Most growers now use some form of hygro-thermometer, says Tosi, which has an LCD screen and keeps track of many of the same environmental factors that Pulse does. The central difference is that you can only check those levels when on-site and looking at the screen, he says, whereas Pulse allows this to be done remotely. Pulse also stores the data it’s monitoring, so cultivators can look back over the preceding days, weeks or months and see how the environment has ebbed and flowed — such as fluctuations in temperature between daylight hours and nighttime.
While the market is relatively thick with thermometers that can record and store temperature and humidity levels, the choices when it comes to off-site monitoring are slimmer. A brief online shopping expedition yielded just a handful that were readily available today — some of which were significantly clunkier or more limited than the Pulse design.
Tosi points to the recent devastation caused by hurricanes Harvey, Irma and Maria as yet another example of how the remote tracking could be helpful. For example, some growers that Tosi consults had operations in affected areas and had no way of knowing whether their product weathered the storm, or if their grow houses still had power.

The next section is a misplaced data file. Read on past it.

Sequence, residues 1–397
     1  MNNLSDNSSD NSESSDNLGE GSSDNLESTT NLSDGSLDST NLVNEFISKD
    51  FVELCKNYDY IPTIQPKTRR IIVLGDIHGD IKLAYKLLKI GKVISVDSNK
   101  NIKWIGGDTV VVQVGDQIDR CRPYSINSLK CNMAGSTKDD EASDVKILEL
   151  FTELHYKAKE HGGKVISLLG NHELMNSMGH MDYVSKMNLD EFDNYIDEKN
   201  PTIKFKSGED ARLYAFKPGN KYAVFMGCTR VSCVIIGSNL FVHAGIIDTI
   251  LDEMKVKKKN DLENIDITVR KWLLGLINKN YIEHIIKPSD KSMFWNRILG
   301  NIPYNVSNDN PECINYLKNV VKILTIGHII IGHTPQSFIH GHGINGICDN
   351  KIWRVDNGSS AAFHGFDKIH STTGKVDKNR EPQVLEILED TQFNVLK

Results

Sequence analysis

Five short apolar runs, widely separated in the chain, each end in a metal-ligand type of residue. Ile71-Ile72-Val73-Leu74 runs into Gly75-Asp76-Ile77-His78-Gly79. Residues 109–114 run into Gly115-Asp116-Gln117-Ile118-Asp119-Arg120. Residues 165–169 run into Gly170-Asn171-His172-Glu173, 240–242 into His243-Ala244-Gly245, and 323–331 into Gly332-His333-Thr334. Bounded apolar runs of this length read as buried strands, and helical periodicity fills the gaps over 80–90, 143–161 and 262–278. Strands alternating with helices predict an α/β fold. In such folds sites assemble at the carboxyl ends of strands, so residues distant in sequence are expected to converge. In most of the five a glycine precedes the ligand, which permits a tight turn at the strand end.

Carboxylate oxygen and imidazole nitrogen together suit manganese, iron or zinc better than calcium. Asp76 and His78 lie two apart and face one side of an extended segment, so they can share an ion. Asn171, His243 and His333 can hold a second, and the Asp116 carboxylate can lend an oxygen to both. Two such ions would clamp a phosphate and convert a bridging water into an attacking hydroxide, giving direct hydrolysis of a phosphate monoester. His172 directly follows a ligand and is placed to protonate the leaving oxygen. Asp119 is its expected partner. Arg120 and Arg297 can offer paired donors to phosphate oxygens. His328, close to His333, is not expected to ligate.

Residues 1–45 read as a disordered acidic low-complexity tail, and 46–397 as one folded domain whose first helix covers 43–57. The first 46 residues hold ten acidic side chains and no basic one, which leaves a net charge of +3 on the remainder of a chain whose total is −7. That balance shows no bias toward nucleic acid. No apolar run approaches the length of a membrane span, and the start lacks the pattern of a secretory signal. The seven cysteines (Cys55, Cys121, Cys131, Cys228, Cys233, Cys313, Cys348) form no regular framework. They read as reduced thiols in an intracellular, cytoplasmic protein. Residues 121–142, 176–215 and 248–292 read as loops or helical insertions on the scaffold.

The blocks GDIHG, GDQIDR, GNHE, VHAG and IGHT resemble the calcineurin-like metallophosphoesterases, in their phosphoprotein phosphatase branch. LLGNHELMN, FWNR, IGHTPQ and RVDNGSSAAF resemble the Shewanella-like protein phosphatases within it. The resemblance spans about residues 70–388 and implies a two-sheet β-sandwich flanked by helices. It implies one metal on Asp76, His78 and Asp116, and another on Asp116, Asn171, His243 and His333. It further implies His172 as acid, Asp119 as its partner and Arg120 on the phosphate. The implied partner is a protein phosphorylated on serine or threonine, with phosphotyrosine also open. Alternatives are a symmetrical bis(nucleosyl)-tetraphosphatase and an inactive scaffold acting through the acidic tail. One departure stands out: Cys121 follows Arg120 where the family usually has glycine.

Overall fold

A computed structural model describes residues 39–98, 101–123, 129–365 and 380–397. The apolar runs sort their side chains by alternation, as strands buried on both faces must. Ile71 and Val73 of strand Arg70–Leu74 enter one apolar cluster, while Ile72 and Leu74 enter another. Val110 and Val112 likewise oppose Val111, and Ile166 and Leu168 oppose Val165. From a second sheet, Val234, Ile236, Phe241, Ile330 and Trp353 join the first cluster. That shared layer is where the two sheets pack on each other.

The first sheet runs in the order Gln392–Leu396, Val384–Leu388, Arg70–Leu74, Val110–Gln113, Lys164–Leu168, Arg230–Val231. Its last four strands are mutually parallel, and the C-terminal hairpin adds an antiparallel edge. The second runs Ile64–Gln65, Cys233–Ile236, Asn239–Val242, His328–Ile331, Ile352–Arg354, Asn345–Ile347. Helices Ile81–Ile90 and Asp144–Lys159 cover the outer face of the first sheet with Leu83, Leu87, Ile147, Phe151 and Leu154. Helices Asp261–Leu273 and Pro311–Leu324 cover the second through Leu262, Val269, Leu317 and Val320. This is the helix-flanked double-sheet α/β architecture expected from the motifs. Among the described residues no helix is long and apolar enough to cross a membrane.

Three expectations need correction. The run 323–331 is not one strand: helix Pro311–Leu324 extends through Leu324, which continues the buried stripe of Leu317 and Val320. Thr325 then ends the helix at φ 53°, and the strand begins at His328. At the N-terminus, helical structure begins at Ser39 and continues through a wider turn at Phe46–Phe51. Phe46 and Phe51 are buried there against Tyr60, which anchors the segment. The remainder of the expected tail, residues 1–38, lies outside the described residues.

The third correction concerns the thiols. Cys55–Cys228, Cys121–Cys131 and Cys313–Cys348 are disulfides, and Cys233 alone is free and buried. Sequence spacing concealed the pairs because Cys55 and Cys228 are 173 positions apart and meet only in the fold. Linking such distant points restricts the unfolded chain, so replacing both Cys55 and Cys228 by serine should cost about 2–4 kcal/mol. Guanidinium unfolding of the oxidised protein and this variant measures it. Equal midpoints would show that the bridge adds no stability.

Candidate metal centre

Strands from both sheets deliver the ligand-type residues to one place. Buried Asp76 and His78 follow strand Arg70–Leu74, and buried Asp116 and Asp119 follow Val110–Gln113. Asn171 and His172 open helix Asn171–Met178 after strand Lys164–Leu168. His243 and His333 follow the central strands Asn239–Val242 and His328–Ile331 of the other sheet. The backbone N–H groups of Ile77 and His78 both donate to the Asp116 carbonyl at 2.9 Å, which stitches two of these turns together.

“When we’re talking about safety and cannabis, power outages aren’t really considered,” he says.
While it's seemingly low on the totem pole of catastrophe, for some, their cultivation is their livelihood.
The initial Pulse launch will be available via the Pulse website starting Nov. 1 and was entirely self-funded, Tosi says. However, the three-person company — the two founders and an attorney — will be raising capital for the next round of product improvements. Tosi hopes to release an ultra-advanced iteration of Pulse in the future, aimed at large-scale operations, designed to track detailed room metrics such as soil moisture and produce helpful tools like a grow heat map.
Eventually, Tosi expects consumers will be able to find the product at mainstream stores, as it can be easily repurposed for any type of greenhouse or grow operation.
“We’re going to be at shelves in Home Depot because we have nothing connected to cannabis,” he says.